Heart Attack vs Cardiac Arrest: When to Give CPR?
Cardiac arrest might sound like a fancy way of saying heart attack, but they’re actually two different things. And if you encounter someone with heart troubles, it’s helpful to know the difference. Think of it this way: a heart attack is a circulation problem, with blocked blood flow to the heart, while cardiac arrest is an electrical problem, where the heart stops beating because there’s a heart malfunction. Sometimes the malfunction is due to an irregular heartbeat, which stops the heart from pumping. But, of course, there’s more to the differences between a heart attack vs cardiac arrest than that.
Why does it make a difference to know which it is?
It’s important to understand the difference between the two because you recognize and treat each of these heart problems in a unique way. If you are certified in cardiopulmonary resuscitation (CPR) or you’ve watched medical shows on television, you may know about the automated external defibrillator (AED), the device that checks the heart rhythm and can shock the heart if needed. The AED is only used on people experiencing a cardiac arrest. Those trained in using it place the sensors on the person’s chest and the machine then signals if the person is experiencing an electrical problem, so the user doesn’t give a shock unnecessarily.
How can you tell if it’s a cardiac arrest vs a heart attack?
According to the American Heart Association, a cardiac arrest happens suddenly and without warning. On the other hand, symptoms are often present right before a heart attack, possibly even for days. They may include shortness of breath, chest or upper body discomfort, back or jaw pain, nausea, vomiting or cold sweats. The person may not recognize these symptoms as heart-related, though, since they can easily be mistaken for other problems. Another key difference: the heart doesn’t always stop beating during a heart attack when the blockage is preventing blood from getting to or from the heart.
What’s the difference in treating a heart attack vs cardiac arrest?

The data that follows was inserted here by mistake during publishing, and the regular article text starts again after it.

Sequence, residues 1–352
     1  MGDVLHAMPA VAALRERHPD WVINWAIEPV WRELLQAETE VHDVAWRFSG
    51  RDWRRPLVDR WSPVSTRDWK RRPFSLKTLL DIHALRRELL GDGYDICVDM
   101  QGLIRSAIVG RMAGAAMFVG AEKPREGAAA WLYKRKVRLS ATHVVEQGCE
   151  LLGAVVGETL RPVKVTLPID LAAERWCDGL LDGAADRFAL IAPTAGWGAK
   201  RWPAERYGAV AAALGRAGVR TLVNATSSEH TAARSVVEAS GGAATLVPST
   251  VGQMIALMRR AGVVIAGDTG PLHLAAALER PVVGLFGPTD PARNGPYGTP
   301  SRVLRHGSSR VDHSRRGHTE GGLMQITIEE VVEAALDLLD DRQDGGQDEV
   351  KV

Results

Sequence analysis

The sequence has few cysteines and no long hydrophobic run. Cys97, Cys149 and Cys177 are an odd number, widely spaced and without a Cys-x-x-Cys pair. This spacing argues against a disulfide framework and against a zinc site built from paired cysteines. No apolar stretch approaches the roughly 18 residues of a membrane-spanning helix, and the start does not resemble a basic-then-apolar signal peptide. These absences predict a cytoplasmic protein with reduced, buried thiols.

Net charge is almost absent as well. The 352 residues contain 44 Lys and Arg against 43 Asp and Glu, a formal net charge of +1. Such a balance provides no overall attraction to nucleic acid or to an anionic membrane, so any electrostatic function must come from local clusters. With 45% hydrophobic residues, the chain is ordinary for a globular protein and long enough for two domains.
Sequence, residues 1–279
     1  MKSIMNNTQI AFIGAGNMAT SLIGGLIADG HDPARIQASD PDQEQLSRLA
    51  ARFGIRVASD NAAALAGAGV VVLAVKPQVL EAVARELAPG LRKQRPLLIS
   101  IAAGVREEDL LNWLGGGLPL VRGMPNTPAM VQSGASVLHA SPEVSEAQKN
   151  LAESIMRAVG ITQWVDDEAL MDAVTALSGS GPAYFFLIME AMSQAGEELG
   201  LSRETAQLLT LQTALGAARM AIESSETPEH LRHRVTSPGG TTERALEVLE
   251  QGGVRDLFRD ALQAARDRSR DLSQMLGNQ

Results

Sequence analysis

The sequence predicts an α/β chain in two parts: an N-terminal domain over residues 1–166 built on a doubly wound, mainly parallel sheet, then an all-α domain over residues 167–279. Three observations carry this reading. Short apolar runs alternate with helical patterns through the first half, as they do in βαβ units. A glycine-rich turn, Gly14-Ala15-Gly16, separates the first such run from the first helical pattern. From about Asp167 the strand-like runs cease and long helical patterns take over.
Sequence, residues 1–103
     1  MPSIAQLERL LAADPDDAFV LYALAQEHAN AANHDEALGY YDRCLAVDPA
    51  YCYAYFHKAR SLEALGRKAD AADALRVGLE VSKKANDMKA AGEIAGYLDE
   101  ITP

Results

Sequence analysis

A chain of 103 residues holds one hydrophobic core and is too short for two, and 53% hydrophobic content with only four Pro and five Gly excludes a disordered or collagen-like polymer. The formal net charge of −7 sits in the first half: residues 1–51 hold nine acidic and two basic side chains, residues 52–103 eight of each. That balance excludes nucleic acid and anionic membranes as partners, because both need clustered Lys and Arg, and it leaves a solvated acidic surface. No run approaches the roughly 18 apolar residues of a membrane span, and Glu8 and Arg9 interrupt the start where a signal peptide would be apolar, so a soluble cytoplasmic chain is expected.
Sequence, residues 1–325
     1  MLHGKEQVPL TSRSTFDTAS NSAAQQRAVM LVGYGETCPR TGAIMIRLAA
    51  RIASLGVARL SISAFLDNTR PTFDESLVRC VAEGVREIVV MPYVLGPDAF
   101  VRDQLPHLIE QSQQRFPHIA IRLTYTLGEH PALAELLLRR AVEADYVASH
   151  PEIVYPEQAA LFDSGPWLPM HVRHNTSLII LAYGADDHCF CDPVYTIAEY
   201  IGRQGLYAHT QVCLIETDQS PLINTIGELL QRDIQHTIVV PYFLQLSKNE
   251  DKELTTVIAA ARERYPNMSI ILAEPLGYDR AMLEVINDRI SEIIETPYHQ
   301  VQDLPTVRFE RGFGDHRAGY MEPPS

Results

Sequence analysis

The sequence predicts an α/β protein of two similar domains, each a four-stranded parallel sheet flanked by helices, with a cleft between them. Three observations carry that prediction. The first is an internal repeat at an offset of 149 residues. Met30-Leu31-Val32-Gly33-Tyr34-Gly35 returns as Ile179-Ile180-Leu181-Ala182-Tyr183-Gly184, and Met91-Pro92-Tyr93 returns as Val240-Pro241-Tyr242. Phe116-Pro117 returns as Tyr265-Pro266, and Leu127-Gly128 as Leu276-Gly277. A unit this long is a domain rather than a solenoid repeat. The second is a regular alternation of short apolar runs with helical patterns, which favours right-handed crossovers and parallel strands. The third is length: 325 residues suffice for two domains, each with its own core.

In both cases, it’s important to call for emergency help immediately and to administer CPR if needed. However, those experiencing cardiac arrest must be treated within minutes, or they can die. When the heart stops beating and breathing ceases, the organs don’t get the needed oxygen. A person having a heart attack doesn’t need CPR if their heart is still beating, and has more time to get treatment before there’s irreversible damage.
The American Heart Association says the link between these serious heart issues is that most heart attacks don’t result in cardiac arrest. Cardiac arrest can occur from a blockage, but it can also be from other issues like arrhythmias, which are irregular or abnormal heartbeats. Even if you haven’t taken a formal CPR class, the American Heart Association offers a short video that shows how to do hands-only CPR, which may save someone’s life while emergency help is summoned.
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About the Author:
Deborah Abrams Kaplan writes about health and medical topics for universities, hospitals, pharmaceutical companies and medical websites. She has written for the Los Angeles Times, the Miami Herald, Dallas Morning News, San Francisco Chronicle, Woman's Day, Continental Airlines Magazine, Shape, and many more!
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